Principles of WASH in response to COVID-19

Access to safe water and hygiene and sanitation facilities plays a vital role in preventing the spread of the COVID-19 pandemic, particularly for older people and people with disabilities and/or chronic illnesses who are often cited as most at risk.

COVID-19 threatens not only the health of older people and people with disabilities, but also their independence. If they are excluded from any support packages it is harder for them to take the most effective steps to protect themselves.

An inclusive approach to delivering aid is needed to ensure older people and people with disabilities are not overlooked in any humanitarian response. They should have equitable access to water and sanitation facilities, and receive tailored messages about hygiene and sanitation.

Inclusive access to Water, Sanitation and Hygiene (WASH)

This is where every person (irrespective of age, disability, gender, religion, sexual preference or nationality) who wishes to, can benefit fully and as an equal member of the community from all aspects of WASH programming and delivery of service.

Community engagement is vital in the WASH response to COVID-19

Poor hygiene is an important factor in the spread of infectious diseases. In the case of COVID-19, hygiene promotion, with a strong focus on hand washing, is crucial to halting the spread of the virus. However, to be successful, hygiene promotion must be accompanied by efforts to build trust and mutual understanding, engaging communities in communications and decision-making.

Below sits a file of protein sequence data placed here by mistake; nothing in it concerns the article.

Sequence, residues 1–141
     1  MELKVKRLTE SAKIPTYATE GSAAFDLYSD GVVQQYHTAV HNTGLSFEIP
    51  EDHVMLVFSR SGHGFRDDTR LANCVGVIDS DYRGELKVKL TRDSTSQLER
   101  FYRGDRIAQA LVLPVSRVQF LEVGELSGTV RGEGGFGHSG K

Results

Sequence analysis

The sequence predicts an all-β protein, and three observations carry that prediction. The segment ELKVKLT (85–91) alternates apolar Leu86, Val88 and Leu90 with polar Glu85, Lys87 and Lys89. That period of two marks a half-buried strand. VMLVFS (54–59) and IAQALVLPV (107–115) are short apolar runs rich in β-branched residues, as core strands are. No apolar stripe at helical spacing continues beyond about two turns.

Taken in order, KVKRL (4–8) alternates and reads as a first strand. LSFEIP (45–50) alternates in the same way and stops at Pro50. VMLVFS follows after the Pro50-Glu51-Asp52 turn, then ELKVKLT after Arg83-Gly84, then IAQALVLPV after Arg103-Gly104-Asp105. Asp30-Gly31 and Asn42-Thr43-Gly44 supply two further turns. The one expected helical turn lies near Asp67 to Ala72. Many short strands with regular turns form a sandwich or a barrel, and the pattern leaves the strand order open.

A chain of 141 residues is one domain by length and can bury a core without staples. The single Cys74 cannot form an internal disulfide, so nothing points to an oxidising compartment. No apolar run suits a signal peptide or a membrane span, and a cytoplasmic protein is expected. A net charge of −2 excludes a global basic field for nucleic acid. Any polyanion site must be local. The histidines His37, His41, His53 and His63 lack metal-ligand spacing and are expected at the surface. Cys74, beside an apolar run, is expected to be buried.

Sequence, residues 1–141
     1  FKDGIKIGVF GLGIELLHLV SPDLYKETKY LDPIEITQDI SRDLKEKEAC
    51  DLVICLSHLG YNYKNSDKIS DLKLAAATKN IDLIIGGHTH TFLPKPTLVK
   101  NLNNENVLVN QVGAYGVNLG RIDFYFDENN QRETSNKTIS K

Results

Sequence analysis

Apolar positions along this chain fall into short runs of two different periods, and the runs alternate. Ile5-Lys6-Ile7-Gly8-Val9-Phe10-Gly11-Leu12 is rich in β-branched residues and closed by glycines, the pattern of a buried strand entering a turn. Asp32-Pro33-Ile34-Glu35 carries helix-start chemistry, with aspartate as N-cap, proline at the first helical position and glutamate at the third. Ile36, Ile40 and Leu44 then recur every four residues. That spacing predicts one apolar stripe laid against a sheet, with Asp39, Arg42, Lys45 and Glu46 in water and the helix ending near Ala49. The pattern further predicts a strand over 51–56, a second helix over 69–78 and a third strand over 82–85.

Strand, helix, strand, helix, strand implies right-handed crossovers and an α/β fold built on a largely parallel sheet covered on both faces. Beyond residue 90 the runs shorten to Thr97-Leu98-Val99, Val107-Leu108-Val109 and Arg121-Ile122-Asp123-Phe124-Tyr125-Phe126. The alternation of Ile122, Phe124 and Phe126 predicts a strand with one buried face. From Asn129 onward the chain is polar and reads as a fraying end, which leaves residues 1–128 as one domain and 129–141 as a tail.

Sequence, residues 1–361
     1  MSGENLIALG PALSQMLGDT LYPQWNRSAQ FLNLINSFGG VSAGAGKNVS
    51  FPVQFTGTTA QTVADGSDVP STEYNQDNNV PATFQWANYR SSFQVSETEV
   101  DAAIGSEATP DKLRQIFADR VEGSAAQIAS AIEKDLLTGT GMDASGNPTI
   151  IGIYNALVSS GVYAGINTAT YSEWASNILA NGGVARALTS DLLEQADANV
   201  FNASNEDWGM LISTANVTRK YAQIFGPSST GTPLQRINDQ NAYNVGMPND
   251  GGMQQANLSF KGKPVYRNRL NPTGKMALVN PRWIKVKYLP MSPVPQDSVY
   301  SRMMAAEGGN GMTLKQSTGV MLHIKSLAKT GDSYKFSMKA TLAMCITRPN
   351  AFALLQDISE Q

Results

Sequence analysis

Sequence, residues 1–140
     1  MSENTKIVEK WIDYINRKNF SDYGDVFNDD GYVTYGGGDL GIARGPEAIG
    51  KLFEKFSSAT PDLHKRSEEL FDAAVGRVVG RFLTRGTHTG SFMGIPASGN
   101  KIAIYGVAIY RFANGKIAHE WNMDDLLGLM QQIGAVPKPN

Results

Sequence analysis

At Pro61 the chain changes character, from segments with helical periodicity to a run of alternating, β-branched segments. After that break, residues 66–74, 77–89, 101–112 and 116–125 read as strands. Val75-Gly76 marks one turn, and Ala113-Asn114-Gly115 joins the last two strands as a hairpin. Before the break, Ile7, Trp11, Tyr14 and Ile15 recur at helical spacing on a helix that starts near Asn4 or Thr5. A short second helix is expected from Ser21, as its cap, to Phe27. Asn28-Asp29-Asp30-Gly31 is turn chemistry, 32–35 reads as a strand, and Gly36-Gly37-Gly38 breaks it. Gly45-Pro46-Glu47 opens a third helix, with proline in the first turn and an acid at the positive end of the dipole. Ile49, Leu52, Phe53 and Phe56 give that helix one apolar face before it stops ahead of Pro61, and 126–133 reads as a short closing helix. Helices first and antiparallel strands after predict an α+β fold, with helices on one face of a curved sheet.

Community perceptions and beliefs can also play a role and some social norms may need to be modified to prevent disease transmission. Community engagement is vital to understanding social norms and working with the community to address them.

Principles for an inclusive WASH response to COVID-19 and post COVID-19 activities

There are four key steps to ensure WASH activities are designed to be more accessible and ensure we “Leave No-one Behind”:

1. Collection of Information:

The WASH related capacities and needs of older people and people with disabilities should be identified and monitored to identify any barriers and promote safe practices. Collect, analyse and report information:

• Adapt WASH assessment and monitoring tools to collect information on the capacities and needs of older people and people with disabilities, respecting the guidance of safe distancing and basic hygiene procedures.

• Consider the literacy levels and language preferences of older people and people with disabilities in collecting and disseminating information.

• Consider alternative ways of reaching older people and people with disabilities who are unable to leave the home or have sensory or cognitive communication challenges e.g. contact their carers, and use easy to read materials.

2. Safe and equitable access:

Older people and people with disabilities should have safe and dignified access to water supplies, sanitation facilities, and promotion activities on hygiene and COVID-19:

• Identify and engage with active older people and people with disabilities in planning WASH activities for the community.

• Identify any older people and people with disabilities who are excluded in the community and design alternative methods of sharing information and guidance to support them.

• Consider the living conditions and availability of water and storage while preparing COVID-19 information and provide practical guidance on making low cost adaptations.

• Ensure WASH facilities are accessible, considering structural adjustments, with ramps and rails, elevated latrine seats, lowered water taps at water points, or support to carry water longer distances, so that they can get a reasonable amount of water for their day to day use.